The second reason is more of an opinion than anything else; my opinion. But this is a blog so here goes: As I see it, we have become dependent in our government to handle issues that we should become involved in. Unfortuntely,It is simpler for our government to satisfy the public by doing nothing and allowing people to focus on popular causes such as gun control. And it easier for us to leave it to the government to solve our problems. The result is that the issue gets thrown back and forth in a barrage of arguments, legal gambits, and debates, and never gets solved. This can be seen in the fact that the gun control movement has fizzled and is no longer repetitively presented on the news, as it was just after the Newtown incident. I would like to see statistics on gun crime to see if any of the measures taken right after Newtown to control guns made any difference. Oddly this is not a subject that is discussed in the press.

If that wise psychologist is right then our duty is to study the possibility of examining people who have shown a demonstrable tendency toward hostile and violent behavior. And if our psychologist is right then you can be sure our government knows this.

So let’s get back to the dangers. How can we institute a system where people who are reported as being potentially dangerous without having that system becoming corrupt and abusive. I have another opinion and since you are reading this you’ll get to hear it as well. The answer is: we start. There are hundreds, thousands of critical challenging issues that plague us. Child abuse, domestic abuse, unemployment, etc. We all know about unemployment. But do you know that four women die a day in our country at the hands of abusers who are known to them and often known to law enforcement.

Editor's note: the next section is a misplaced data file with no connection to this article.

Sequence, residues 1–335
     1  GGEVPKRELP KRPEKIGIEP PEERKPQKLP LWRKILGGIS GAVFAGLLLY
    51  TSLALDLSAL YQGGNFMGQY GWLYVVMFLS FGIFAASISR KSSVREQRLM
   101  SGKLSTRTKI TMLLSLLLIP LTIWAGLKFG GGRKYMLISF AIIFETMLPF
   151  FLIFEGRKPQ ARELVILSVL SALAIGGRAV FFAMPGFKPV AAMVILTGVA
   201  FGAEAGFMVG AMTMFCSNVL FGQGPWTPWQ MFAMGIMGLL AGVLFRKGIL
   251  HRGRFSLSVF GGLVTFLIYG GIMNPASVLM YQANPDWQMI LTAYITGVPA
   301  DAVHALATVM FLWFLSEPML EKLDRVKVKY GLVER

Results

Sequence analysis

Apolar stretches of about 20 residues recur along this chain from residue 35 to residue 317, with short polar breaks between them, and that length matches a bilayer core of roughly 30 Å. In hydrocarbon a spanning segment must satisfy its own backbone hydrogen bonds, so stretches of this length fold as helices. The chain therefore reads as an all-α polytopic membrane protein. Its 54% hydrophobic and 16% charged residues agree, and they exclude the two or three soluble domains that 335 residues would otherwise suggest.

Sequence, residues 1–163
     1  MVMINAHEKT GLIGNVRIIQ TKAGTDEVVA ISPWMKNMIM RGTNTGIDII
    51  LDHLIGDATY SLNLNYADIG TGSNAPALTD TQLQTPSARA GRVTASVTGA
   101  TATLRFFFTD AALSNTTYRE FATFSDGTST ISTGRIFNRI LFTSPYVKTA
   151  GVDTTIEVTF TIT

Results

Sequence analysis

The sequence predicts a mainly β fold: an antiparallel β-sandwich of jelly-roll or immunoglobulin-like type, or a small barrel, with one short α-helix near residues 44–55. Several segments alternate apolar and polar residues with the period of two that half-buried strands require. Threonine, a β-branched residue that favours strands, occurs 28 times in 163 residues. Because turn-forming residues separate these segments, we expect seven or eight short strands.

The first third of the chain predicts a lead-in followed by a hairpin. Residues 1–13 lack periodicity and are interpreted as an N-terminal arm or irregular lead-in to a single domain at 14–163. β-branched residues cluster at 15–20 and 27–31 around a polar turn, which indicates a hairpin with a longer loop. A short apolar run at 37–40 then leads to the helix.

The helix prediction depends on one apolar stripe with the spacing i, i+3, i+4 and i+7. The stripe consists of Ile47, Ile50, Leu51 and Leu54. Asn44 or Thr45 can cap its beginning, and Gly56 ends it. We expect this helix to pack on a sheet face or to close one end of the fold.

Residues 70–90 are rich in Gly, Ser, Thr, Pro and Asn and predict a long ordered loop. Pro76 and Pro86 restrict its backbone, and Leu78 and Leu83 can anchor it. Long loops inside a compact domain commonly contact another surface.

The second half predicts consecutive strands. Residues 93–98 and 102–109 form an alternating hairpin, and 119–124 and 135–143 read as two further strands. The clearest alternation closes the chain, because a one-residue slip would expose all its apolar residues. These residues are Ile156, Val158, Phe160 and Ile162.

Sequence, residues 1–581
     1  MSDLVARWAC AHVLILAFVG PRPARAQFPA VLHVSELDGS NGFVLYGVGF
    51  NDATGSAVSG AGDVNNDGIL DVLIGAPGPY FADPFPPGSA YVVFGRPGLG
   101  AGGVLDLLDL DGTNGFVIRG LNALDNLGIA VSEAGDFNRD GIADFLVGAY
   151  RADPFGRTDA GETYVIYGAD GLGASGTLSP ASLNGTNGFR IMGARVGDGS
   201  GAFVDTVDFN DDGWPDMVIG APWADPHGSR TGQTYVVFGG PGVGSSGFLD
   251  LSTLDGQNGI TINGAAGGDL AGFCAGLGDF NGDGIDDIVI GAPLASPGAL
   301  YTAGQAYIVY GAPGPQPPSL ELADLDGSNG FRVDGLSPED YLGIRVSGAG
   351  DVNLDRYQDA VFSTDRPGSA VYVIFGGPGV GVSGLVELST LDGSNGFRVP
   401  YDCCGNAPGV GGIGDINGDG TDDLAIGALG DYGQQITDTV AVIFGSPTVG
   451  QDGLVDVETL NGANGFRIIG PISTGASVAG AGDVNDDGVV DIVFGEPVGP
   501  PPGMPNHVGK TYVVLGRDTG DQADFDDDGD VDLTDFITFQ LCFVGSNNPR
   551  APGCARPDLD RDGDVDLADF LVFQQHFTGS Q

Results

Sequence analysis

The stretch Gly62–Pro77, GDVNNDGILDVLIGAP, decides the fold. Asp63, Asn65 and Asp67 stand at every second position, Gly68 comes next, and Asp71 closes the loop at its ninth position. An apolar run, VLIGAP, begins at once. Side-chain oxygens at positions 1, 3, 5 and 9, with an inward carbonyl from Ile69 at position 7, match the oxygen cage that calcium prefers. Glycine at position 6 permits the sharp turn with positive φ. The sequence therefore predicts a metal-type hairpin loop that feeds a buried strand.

The main difficulty in preventing many of these crimes is that it involves the government; a known risk-averse entity: detaining or maintaining surveillance on a known domestic abuser is illegal except when a crime is explicitly committed. This is often true when there is a clear pattern of violence and threat, The fact is that the laws aren’t there to protect women from being killed. Legislators are just beginning to open their eyes to the problem; a few are creating laws that defend women and their children.
And so, as horrible as it sounds, the death of women is an acceptable bit of collateral damage that is built into our justice system. That is how bad it is in the U.S. But let’s return to school shootings. Let’s say we develop a system where people are allowed to report behavior that suggest possible violence. Of course there will be a lot of false reporting based on motivations that will range from insanity on the part of the reporter to out and out lying. This IS a danger. The government and law enforcement will be no more interested in putting their hands in that legal light socket than they are interested in creating a system of preventative surveillance that will protect domestic abuse victims.